# 04.29.2022 - A Working Lexer

Finally got some time to actually initialize some code for the compiler, I guess
I’ll write up the syntax specs later, but for now, let’s get the lexer up and running first.

I actually didn’t plan to work on the lexer from the beginning but focus on the bytecode generator and the virtual machine part, but whatever, we need a working parser to better generate the bytecode, so here we are.

A gust program will look like this:

let x = 10
let y = x
let z = x + 5
if y >= x && z != 10 {
let hello_world = 100
print(hello_world)
}


For now, a few tokens has been defined, it’s pretty much the same as the tokens
that come from the book Crafting Interpreters.

They can be divided into four groups:

1. Single-char: are the tokens that only take 1 character, like brackets, mathematics operators,…
2. Comparison: are the tokens for the comparison operators like <, <=, >, >=,…
3. Keyword: are the tokens for the built-in keywords like let, for, if,…
4. Multiple-char: are the tokens for the identifiers and numbers, strings,…

To use the multiple-char tokens, we need to keep a reference to the original source code, this is why they’re defined with a string slice:

enum Token<'a> {
...
Identifier(&'a str),
String(&'a str),
Number(&'a str),
...
}


Keeping a source code’s string slice in a token enum is very helpful to refer to that part of the source later on while avoiding allocating a new string on the heap every time we generate a new token. The downside is, that we have to pay close attention to the lifetime of the string slice.

Scanning tokens that have less than 2 characters are pretty easy, it can be done by iterating each character, and using Peekable<I> to peek at the first character, if it matches with some patter, we consume it and continue looking at the next characters:

if let Some((_, c)) = self.chars.peek() {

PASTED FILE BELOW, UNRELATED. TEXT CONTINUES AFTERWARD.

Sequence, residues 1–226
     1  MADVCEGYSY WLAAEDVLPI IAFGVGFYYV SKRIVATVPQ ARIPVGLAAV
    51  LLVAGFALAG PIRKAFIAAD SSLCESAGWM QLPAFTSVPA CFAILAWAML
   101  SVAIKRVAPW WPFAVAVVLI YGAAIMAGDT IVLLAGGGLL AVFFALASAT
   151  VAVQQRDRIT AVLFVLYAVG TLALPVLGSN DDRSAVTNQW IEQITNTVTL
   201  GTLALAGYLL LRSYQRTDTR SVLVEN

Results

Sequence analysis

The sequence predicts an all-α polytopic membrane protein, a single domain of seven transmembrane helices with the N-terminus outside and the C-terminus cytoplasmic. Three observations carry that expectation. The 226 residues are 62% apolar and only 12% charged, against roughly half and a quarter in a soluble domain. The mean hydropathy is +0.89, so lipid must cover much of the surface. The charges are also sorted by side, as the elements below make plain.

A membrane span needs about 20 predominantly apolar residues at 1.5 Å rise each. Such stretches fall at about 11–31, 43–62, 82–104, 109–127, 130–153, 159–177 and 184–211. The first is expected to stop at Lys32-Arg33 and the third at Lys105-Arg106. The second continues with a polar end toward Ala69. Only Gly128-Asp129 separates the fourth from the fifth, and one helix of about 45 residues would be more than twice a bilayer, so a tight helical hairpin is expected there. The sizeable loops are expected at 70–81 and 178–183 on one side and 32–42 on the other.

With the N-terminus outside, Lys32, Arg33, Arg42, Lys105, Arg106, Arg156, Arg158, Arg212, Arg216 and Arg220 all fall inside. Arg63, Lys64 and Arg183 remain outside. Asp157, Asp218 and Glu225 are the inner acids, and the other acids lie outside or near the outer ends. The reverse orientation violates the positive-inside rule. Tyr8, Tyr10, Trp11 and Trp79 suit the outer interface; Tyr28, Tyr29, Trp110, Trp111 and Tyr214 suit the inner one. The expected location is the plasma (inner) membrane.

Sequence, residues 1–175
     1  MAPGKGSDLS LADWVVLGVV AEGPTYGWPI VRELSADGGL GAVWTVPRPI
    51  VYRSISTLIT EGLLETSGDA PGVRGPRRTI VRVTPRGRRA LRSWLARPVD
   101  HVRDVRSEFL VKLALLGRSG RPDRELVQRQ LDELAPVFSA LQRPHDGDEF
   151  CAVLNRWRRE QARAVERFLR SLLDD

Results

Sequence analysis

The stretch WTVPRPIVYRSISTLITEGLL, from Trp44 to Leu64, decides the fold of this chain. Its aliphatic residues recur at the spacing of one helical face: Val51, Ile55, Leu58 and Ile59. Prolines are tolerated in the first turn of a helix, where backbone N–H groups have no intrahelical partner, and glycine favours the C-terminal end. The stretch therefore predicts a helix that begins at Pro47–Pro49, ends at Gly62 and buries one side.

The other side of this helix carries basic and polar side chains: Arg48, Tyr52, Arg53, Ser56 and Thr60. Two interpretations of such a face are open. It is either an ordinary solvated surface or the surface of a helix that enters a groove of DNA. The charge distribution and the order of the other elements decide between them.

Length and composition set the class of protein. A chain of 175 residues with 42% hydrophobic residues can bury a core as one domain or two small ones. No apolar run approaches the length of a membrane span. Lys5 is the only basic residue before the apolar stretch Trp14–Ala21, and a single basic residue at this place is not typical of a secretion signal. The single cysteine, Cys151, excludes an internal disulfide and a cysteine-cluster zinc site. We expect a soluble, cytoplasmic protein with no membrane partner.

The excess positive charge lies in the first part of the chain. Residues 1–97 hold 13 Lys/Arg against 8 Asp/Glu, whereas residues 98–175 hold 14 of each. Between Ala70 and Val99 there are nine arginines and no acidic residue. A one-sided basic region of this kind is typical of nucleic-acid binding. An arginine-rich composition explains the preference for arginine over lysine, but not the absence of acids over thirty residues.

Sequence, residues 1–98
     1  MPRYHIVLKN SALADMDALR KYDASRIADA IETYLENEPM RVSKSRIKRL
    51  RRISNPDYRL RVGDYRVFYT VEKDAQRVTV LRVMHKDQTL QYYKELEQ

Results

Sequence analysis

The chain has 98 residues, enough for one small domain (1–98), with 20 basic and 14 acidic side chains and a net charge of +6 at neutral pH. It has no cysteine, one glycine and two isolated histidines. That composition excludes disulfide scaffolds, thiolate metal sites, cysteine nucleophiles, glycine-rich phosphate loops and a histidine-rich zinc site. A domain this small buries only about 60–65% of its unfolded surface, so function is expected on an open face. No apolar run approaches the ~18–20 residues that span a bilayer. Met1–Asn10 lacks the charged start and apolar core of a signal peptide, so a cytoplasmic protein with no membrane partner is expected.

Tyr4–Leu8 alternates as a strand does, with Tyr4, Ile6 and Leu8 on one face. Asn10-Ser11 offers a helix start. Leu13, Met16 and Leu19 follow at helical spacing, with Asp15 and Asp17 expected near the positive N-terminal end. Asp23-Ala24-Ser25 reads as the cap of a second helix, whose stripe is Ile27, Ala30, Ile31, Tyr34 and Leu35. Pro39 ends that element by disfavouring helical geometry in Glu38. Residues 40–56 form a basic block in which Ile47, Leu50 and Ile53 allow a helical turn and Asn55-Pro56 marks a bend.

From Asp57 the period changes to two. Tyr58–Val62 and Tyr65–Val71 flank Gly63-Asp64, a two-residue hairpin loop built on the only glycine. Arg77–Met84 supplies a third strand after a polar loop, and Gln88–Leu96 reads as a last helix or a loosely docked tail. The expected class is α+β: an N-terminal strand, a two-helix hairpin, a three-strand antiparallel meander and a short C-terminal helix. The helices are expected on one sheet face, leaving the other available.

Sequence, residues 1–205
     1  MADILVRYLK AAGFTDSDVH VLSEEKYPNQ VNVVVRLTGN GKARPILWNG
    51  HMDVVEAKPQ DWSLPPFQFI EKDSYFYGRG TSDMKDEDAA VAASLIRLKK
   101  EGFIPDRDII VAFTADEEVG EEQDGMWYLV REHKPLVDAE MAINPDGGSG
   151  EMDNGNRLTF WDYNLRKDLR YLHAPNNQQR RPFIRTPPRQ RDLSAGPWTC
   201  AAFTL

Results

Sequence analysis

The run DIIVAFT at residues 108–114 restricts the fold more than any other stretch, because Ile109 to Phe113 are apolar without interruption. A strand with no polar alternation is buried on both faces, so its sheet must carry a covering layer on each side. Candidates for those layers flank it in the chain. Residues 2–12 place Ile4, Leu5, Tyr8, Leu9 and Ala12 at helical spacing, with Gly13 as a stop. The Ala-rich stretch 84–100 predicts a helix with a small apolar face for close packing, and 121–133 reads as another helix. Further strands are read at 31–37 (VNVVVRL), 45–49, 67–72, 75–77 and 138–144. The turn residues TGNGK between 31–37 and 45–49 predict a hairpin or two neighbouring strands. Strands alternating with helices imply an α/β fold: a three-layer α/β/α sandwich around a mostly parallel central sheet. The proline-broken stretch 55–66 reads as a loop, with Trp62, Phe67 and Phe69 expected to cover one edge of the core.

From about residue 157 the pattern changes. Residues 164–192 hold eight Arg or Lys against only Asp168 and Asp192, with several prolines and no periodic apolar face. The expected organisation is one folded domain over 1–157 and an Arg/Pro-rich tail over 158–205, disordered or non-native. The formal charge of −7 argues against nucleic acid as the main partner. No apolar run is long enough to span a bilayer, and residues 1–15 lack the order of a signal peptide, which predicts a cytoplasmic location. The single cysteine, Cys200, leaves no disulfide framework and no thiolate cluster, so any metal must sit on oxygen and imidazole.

if let Some(token) = match c {
'-' => Some(Token::Minus),
'+' => Some(Token::Plus),
'/' => Some(Token::Slash),
'*' => Some(Token::Star),
':' => Some(Token::Colon),
'\n' => Some(Token::EOL),
...
_ => None,
} {
self.chars.next();
return Some(token);
}
}


For multiple character tokens, like keywords or identifiers, we will try to build the string slice from the first non-whitespace character to the last non-whitespace character, and compare this slice with the set of the expected keywords. Keep consuming as we build the string slice to move the iterator forward.

For example, here’s how we scan for a number token:

if let Some((start, c)) = self.chars.next() {
if let Some((_, c_next)) = self.chars.peek() {
if let Some(token) = match c {
_ => {
...
if c.is_numeric() {
let mut end = start;
while let Some((next_end, c_next)) = self.chars.peek() {
if c_next.is_digit(10) || c_next == &'_' || c_next == &'.' {
end = *next_end;
self.chars.next();
} else {
break;
}
}
return Some(Token::Number(&self.source[start..=end]));
}
...
None
}
} {
self.chars.next();
return Some(token);
}
}
}


A number is a list of characters that starts with a numeric character, and all of the subsequence characters should be numeric too. Since in Gust, a number could be separated by an under-dash _, and for decimal numbers, there could be a dot . too, so, when scanning for the next character, we check with this condition:

if c_next.is_digit(10) || c_next == &'_' || c_next == &'.' {
...
}


Update (10:25 AM):

Actually, there was an error with the above code and I only spot it after adding some tests.

For the expression that ends with an identifier, like:

a + b - c


The last character would be 'c', and there is no characters come after that, the peek() call return a None value, the scanning function would not go any further:

if let Some((start, c)) = self.chars.next() {
if let Some((_, c_next)) = self.chars.peek() {
// ^ it's None here, so the code stop


To fix this, we can set the default value for the peek() as a null byte, and there should be no changes in the scanning algorithm:

if let Some((start, c)) = self.chars.next() {
let (_, c_next) = self.chars.peek().unwrap_or(&(0, '\0'));